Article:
Legal Processes within a Counselling Agency

Learning Journal for Level 3 Counselling Studies

 

Reflections on Legal Processes within a Counselling Agency

 

 

There are a number of ways in which legal processes might impact on an agency counselling service, especially in relation to ethical and procedural frameworks in which an agency operates. In fact, potential legal processes are one of many reasons why ethical frameworks need to be in place within the counselling context. As standards of good practice, ethical frameworks offer protection for the client and the counsellor. The BACP (2013) ethical framework states that counsellors should take into account their responsibilities and their clients’ rights under data protection legislation and any other legal requirements.

The framework also states that they should be aware of and understand any legal requirements concerning their work, ensuring they consider these requirements conscientiously in an effort to be legally accountable for their practice (BACP, 2013). This is where keeping accurate notes can be essential. Indeed, there are instances where a counsellor is required to provide information to client’s solicitors, the Criminal Injuries Compensation Board (CICB), police, or the courts.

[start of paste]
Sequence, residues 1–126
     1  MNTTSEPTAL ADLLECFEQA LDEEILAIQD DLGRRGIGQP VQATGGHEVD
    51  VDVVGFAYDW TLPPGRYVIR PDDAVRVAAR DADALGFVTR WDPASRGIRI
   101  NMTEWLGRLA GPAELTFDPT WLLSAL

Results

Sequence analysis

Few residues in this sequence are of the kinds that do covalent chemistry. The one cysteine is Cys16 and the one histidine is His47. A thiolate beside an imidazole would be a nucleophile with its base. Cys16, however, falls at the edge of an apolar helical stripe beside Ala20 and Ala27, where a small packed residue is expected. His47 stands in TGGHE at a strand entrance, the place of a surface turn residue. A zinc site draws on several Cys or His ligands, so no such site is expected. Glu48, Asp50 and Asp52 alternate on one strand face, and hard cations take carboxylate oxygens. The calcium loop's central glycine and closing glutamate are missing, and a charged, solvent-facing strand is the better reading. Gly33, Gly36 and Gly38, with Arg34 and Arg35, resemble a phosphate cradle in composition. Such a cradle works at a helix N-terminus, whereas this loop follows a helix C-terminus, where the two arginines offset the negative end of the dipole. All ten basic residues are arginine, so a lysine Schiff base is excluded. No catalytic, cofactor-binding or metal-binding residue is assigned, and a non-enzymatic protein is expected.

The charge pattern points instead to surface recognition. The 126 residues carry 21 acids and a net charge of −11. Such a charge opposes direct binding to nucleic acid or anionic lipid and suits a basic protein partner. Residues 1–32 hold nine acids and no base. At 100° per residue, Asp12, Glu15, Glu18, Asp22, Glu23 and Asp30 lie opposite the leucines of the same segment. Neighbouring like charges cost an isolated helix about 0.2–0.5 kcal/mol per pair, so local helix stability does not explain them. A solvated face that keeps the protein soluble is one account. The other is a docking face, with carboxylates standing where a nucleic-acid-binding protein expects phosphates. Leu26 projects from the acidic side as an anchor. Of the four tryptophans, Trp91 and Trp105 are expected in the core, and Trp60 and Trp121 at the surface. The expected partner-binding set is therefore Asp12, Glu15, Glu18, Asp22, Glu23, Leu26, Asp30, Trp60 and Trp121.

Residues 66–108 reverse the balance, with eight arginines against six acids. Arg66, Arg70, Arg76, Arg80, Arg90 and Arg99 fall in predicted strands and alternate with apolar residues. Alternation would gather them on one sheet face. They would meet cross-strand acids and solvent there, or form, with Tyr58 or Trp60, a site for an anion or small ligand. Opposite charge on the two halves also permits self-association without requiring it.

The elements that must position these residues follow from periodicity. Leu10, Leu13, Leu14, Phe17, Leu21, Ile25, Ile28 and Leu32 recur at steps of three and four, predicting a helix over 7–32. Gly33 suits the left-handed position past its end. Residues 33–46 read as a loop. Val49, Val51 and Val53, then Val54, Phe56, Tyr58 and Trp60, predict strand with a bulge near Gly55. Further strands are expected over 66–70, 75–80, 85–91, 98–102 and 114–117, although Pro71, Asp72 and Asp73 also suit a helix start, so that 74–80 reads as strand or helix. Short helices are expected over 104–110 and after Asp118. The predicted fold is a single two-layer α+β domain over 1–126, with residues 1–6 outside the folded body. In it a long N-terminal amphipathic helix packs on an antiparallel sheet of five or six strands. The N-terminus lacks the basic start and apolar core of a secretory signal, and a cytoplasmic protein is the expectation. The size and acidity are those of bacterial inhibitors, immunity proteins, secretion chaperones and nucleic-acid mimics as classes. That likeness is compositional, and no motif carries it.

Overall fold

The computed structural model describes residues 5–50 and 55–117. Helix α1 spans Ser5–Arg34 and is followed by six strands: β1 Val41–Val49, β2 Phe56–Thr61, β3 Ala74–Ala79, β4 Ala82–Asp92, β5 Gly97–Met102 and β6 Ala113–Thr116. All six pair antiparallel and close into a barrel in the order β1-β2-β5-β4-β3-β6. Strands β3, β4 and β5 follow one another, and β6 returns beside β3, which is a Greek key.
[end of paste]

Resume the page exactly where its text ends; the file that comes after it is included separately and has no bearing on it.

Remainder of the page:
Clients themselves might even ask for written records. This raises implications pertaining to confidentiality, especially in instances where the client has not consented to disclosure of their information. This is surprisingly common, with research by Jenkins (2003) showing that most disclosure requests come from solicitors, sometimes with signed consent from the client, but often without. First and foremost, it is the counsellor’s duty to uphold their promise of confidentiality to clients. Exceptions to prioritising confidentiality are if a counsellor has information about a crime or if the needs of the client or public outweigh the duty of confidentiality such as in the case of preventing harm to the client or others (Bond, Brewer, and Mitchels, 2009)

 

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References

BACP (2013). The Ethical Framework for Good Practice in Counselling and Psychotherapy. BACP.

Bond, T., Brewer, W., and Mitchels, B. (2009). Breaches in confidentiality. G2 information sheet. BACP.

Jenkins, P. (2003) Disclosure of Case Notes. Counselling and Psychotherapy Journal. June, 2003.



Categories: Counselling, Psychology

Tags: , , , , , , , , , , , , ,

1 reply

  1. You may want to refine your comments about breaking confidentiality as “Exceptions to prioritising confidentiality are if a counsellor has information about a crime” does not fit with my understanding of the BACP ethical framework.
    The following form an exception to client confidentiality:
    1. Prevention of terrorism act 2005
    2. Money Laundering regulations 2007
    3. Drugs trafficking act 1996
    4. Protection of Children’s act 1999
    Hope this helps🙂

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